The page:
The desire to dress your best never goes out of style — but priorities do change. So we wanted to find out how you really feel about fashion now that you’ve got decades of dressing yourself in the rearview mirror. You spilled on everything from jeans and shoes to bras and bathing suits and opened up about what it takes to be on trend in today’s world.
You Are Clearly Clothes-Minded
Hemlines may go up and down, but a woman’s fashion consciousness remains raised at any age. The majority of survey respondents (68 percent) say they’re style savvy, and 58 percent claim to care about looking (and feeling) pulled together no matter the occasion. Trendy? Yes, to an extent. Incorporating some of-the-moment pieces into your everyday looks is important to 46 percent of you.
You Want to Express Your Style Sense
While 30 percent of women 50 and over stick to a classic, conservative style, an equal number insist on making a unique style statement, plus 43 percent seek new ways to perk up everyday looks with personality. Perhaps this is a result of maturity — you’re no longer compelled to “follow” fashion. “I finally have a good sense of what works for me and what doesn’t,” says Eileen. But whether you’re boho or buttoned-up, comfort is key. “I want to look put-together, but I need to be comfortable — all the time,” says Penelope. “Nothing tight, no shoes that hurt.” We’re so there!
Most survey respondents (41 percent) typically shell out between $250 and $500 for each fashion season. Big-ticket items include special-occasion clothes, with 38 percent of you apt to purchase a new outfit for an event like a wedding and 22 percent willing to splurge on it. Yet some believe that’s a waste of money, as one woman opined: “How ridiculous to spend a fortune on something you’ll wear once, that exists only to make society find you acceptable!”
(More on what you’ll spend on specific items below.)
You’re in the Jean Pool
Talk about a style staple: 53 percent say denim is de rigueur. But you’re not about to pay big bucks for basic blues. Many of you (42 percent) will drop up to $100 for a pair of jeans that fit perfectly; 35 percent are in the under-$50 range. And deliberately ripped denims just don’t do it for grown women. “Where are quality jeans without those dreaded holes?” asks Kerry.
The Shoe Thing
Imelda Marcos, Carrie Bradshaw… and you, maybe? Most NextTribers (31 percent) confess to owning more shoes than you can wear in a year. But nearly the same number (27 percent) say your shoe collection consists of the bare necessities only. Some (30 percent) pay between $76 and $100 for a nice pair of dress shoes or boots, while 25 percent refuse to go above the $50 to $75 range for fancy footwear — about what most of you (41 percent) will plop down for a good pair of sneakers.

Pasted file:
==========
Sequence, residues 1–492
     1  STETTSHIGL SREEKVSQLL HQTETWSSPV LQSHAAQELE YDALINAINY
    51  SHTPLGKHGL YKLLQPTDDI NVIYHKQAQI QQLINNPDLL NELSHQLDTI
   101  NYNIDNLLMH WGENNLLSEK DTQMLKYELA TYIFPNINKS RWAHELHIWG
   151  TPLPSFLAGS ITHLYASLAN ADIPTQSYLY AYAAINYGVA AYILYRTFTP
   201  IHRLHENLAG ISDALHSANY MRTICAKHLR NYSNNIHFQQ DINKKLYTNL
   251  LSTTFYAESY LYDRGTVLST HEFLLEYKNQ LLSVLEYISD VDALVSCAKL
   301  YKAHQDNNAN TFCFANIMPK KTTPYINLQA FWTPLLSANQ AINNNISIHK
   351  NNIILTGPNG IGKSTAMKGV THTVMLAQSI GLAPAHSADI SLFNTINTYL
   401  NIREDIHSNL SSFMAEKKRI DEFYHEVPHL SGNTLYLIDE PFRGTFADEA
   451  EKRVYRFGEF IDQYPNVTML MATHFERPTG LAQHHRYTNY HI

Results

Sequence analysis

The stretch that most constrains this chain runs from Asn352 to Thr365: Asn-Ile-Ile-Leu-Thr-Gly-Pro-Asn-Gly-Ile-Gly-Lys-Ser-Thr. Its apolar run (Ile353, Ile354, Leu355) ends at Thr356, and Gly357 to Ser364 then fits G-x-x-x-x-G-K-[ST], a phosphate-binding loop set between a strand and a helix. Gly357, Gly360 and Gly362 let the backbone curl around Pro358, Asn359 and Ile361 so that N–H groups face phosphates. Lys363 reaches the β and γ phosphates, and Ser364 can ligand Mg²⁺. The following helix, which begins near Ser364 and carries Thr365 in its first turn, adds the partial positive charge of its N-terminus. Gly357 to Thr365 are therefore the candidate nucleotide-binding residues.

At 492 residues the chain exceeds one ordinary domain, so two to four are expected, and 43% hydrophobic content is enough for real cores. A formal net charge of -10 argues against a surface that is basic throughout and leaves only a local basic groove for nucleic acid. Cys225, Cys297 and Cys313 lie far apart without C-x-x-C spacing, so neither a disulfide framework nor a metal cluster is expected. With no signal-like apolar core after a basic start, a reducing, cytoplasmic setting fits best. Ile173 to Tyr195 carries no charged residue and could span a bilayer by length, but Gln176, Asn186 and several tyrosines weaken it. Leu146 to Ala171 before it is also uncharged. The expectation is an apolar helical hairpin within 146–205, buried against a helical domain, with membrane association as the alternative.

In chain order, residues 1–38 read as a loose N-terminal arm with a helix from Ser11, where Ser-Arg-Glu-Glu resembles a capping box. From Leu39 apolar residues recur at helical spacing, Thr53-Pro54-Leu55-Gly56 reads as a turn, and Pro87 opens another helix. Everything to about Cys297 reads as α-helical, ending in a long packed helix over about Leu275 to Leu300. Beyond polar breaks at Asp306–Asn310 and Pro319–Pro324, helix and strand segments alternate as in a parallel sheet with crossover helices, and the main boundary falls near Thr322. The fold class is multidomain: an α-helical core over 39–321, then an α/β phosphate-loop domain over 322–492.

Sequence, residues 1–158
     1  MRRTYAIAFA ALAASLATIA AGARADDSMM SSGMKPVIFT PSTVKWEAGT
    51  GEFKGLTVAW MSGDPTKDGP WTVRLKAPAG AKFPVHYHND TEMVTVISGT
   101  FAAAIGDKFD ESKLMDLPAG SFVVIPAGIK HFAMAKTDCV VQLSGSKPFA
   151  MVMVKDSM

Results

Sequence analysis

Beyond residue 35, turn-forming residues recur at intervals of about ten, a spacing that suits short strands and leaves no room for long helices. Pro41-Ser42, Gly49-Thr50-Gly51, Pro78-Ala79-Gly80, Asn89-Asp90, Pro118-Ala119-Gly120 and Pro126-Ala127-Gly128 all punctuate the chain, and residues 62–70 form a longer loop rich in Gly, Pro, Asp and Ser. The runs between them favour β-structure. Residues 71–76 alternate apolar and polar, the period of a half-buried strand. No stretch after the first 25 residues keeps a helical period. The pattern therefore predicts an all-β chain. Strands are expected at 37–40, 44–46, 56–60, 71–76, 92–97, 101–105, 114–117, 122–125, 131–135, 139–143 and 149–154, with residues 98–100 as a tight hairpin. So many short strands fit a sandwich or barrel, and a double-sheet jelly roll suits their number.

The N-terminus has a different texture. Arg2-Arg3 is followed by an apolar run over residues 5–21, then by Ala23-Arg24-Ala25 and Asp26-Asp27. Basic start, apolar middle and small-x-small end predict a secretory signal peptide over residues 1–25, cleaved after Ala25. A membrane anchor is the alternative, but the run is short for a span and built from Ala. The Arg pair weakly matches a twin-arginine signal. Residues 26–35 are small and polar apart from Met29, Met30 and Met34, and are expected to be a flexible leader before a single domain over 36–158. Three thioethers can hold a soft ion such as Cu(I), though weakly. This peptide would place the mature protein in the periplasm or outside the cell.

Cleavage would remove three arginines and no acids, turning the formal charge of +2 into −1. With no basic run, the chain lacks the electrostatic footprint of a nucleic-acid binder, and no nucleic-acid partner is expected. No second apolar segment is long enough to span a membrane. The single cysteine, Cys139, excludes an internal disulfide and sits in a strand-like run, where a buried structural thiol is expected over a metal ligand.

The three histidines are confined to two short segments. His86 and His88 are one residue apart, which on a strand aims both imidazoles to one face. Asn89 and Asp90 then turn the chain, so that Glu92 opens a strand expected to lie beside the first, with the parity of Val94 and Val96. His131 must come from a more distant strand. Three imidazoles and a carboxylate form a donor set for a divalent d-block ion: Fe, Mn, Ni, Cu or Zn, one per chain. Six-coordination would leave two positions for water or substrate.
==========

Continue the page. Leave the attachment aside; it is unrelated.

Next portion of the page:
To get the most bang for your fashion buck, most (38 percent) of you opt to shop at “brands for less” outlets like T.J. Maxx and Marshalls. While our survey offered a list of 17 stores, 47 percent chimed in with preferences for other retailers, including resale/vintage/thrift shops, local boutiques and plus-size stores. When it comes to catalog and online shopping, most (30 percent) like Lands’ End, and 57 percent cited catalogs/e-tailers we didn’t list, including L.L. Bean, Eddie Bauer, and Zappos. Only a mere 2 percent have rented threads from Rent the Runway or used a personal shopping service like Stitch Fix. And brands known for marketing to women 50-plus don’t necessarily score, with only 16 percent citing J. Jill and 17 percent citing Chico’s as favorites (one woman dubs these looks too “shapeless”).
Shopping Has Lost Its Shine
Retail therapy doesn’t hold the appeal it might have held years ago. “Shopping is no longer enjoyable,” admits Maria who, like 50 percent of you, simply buys basics to fill in, often because current clothing no longer fits. However, 43 percent of you still take pleasure in the hunt for something fun and new. Of course, some items are more of a drag to shop for than others. Some 15 percent of you say jeans are hardest, while 22 percent counter that it’s bathing suits, and 29 percent insist that buying bras is the worst.
Finding Fashion Inspiration
When you’re wondering what to wear, you go to the authorities, with 33 percent of you checking out fashion magazines and websites. Only 12 percent get turned onto trends by friends, and just 13 percent take cues from well-dressed women on the street.
Accessories make all the difference when it comes to pulling together a look, one reason 56 percent of you have at least three handbags in rotation and 29 percent have as many as six. Scarves are popular with some 51 percent, with 20 percent calling them your ultimate go-to accessory. And while we live in the digital age, 34 percent of you still wear a traditional watch, while 19 percent prefer a fitness-tracker.
Clearly, women our age care about style, and many are downright disturbed by the fashion industry’s focus on the young, finding it a challenge to look stylish, not silly. As Marilyn puts it, the search is on for “trendy clothing that doesn’t look like I raided my granddaughter’s closet.” And Barbara, who says, “I try to stay in shape, so not looking to ‘hide’ a lot, but don’t want to show a lot either,” wonders: “Where can I find clothes that are age-appropriate but not frumpy?” For answers to this question and others, NextTribe is talking to fashion editors, stylists and other experts to solve your top clothing conundrums. Stay tuned!